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not yet when we may cease our rebuke of a spirit that is not only a palpable violation of religious duty, but an offence against the conscience and the heart of man. substitutes pharisaism for piety, and compels into hypocrisy many
who are too weak to maintain their convictions manfully in the presence of loss of popularity, of patronage, and good-will.
The sections which treat of Religious Obligations are by far the most valuable and interesting in the second volume. Besides enunciating important truths and suggesting profitable trains of thought, the author rises occasionally to heights of transcendent eloquence, which cannot fail to touch the heart of the reader, and quicken him to good resolutions. Section third, which discusses the Nature and Obligation of Prayer, is especially worthy of careful attention; it is filled with profound wisdom, devout thought, and gentle but earnest pleadings for the culture of the spirit and the exercise of prayer. It may be thought to carry its speculations as to the efficacy of prayer, in certain instances, to an extravagant length, and yet, after reflection, may reconcile the doctrine with a purer and ever-enlarging faith. Our piety is so often a formal exercise, rather than a living principle, that we do not pause to consider the magnitude of prayer; and the things we might else desire seem to be fixed at such a height, beyond the “utmost reachings of the soul,” that our aspirations are stayed in their flight, and scarcely penetrate beyond the visible circle in which we dwell. The objects and spirit of prayer, the times and seasons appropriate for its exercise, both private and public, at “morning, noon, and dewy eve," and last, yet best of all, the Sunday worship, when “the holy will in each of us shall grow strong in God's house of prayer," — these points are severally discussed in a devout and reverential spirit, winning the attention and gaining the assent of mind and heart to a most beautiful and instructive doctrine.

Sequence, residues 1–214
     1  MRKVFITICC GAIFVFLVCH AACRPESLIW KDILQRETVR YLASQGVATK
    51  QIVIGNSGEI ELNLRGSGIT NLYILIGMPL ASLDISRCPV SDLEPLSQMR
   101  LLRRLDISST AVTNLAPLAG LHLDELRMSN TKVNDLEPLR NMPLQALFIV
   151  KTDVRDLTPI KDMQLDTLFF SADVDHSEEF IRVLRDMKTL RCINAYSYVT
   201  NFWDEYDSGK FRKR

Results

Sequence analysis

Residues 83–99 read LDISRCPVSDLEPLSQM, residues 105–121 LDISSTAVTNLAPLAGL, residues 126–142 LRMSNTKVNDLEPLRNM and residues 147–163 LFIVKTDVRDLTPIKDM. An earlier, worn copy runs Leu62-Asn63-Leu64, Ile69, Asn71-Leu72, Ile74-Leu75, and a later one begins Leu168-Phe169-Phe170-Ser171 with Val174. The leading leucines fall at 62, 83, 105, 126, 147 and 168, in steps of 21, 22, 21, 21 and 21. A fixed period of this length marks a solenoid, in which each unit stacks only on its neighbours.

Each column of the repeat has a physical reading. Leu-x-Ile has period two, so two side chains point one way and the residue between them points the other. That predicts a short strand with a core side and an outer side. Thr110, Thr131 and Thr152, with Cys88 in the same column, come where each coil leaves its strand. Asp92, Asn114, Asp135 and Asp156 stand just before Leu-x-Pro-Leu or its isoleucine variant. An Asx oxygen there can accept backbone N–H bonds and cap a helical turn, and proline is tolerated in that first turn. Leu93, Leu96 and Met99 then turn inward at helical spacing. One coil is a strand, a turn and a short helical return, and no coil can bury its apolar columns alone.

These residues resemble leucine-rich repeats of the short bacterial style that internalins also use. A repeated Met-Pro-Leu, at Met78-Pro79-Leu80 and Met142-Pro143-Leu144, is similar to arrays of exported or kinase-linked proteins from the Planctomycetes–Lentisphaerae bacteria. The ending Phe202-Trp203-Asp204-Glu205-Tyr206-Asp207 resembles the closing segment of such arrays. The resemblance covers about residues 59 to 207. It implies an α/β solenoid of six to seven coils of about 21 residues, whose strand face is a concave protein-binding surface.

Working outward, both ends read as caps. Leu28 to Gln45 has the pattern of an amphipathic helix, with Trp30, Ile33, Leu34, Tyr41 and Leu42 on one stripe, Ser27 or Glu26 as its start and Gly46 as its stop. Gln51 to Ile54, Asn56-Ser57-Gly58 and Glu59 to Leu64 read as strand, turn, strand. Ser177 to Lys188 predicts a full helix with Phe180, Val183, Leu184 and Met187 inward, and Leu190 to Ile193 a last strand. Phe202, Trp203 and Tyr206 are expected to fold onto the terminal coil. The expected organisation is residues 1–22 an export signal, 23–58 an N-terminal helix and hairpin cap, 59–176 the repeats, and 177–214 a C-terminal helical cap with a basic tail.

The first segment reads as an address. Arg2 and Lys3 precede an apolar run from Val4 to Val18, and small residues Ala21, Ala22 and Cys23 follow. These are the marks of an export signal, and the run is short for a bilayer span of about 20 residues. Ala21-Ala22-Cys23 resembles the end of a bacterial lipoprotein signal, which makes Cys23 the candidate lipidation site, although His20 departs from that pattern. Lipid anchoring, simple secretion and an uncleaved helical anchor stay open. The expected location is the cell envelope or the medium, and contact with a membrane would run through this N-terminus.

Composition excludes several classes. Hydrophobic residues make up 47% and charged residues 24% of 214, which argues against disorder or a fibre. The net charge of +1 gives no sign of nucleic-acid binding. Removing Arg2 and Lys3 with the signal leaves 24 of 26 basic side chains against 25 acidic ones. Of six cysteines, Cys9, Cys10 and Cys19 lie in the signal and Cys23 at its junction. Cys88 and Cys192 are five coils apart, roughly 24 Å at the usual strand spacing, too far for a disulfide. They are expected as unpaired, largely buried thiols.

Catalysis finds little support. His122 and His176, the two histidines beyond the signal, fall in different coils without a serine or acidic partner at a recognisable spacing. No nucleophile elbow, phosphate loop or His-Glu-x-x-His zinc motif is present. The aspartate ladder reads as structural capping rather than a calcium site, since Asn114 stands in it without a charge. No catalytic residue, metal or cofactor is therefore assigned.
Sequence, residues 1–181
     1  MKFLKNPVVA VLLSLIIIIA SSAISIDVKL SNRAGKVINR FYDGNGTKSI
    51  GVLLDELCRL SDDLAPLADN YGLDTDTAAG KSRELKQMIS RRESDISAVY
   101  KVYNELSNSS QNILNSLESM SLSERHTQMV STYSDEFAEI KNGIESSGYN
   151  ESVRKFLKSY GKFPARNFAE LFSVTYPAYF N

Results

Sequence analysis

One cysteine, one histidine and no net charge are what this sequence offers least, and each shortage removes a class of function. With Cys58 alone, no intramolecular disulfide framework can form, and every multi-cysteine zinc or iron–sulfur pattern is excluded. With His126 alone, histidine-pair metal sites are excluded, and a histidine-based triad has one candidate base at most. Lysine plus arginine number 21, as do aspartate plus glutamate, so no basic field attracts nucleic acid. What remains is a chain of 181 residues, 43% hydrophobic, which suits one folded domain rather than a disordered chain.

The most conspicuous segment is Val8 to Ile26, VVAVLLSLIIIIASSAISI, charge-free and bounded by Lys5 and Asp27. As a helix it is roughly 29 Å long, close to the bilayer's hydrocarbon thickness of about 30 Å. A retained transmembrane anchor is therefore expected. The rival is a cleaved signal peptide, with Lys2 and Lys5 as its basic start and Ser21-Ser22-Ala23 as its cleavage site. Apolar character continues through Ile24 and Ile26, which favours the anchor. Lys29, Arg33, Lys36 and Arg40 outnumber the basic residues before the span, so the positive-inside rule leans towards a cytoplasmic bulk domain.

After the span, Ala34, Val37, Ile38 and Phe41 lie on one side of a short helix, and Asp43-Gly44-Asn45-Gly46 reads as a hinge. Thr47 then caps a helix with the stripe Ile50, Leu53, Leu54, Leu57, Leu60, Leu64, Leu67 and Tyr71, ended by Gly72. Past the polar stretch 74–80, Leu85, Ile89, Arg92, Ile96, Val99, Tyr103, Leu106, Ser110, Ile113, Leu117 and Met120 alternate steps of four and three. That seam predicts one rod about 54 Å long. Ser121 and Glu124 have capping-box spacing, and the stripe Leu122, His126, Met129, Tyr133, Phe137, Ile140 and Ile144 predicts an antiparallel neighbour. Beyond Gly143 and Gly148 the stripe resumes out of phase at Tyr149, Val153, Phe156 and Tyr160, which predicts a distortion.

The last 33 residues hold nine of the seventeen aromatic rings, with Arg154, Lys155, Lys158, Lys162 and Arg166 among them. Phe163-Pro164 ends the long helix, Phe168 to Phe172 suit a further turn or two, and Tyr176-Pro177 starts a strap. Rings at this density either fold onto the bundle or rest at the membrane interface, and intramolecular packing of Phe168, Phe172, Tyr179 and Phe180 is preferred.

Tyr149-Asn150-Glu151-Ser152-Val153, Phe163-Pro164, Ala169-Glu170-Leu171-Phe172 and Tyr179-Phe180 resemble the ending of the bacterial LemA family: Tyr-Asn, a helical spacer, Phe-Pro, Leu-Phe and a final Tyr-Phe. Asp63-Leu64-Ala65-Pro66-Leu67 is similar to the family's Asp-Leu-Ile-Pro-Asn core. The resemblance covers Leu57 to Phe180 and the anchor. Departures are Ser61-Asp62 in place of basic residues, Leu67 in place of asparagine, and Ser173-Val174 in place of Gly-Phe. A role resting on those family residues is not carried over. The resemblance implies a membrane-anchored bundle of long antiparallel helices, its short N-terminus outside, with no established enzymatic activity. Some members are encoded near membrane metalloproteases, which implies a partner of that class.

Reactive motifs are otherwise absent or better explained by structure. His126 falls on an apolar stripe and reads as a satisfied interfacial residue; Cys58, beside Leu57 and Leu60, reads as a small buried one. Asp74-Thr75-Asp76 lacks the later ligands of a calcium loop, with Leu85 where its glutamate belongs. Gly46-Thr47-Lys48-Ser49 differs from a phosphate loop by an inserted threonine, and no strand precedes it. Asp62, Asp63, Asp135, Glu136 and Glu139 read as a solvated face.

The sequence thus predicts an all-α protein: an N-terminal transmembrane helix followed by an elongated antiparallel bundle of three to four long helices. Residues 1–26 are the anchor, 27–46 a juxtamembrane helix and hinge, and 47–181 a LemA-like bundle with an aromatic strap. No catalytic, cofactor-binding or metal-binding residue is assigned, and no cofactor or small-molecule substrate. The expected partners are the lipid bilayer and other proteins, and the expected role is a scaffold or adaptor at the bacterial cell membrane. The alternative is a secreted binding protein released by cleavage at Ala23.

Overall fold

The section which treats of the Nature, Duty, and Effect of Repentance, is full of instruction, consolation, and warning; and whether we accept every part of our author's philosophy or not, concerning the nature of forgiveness of
sin, and the consequences likely to accrue from sins once committed, but now repented of, we cannot but acknowledge the reverential spirit in which the subject is presented.
Faith forms the subject of the next section, which wisely discriminates between the vulgar ideas of sectarian opinion or belief, and the spiritual perceptions of the soul leading the heart to repose in confidence in the goodness of God. The reasonableness of such faith in the Unseen and Eternal is clearly demonstrated from the nature of our earthly affections; and that being established, the obligation to cultivate and exercise it is plainly manifest, while “in obedience to the laws of God, both general and special, lies our hope of increasing and intensifying our faith.” This section closes with the pregnant question, —“How far is the weakness of our faith the result of the weakness of our will?"
The discussion of religious duty finds an appropriate conclusion in a brief treatise upon Self-Consecration. We would gladly incorporate the whole section in these pages; but we must forbear, and content ourselves with a few brief extracts.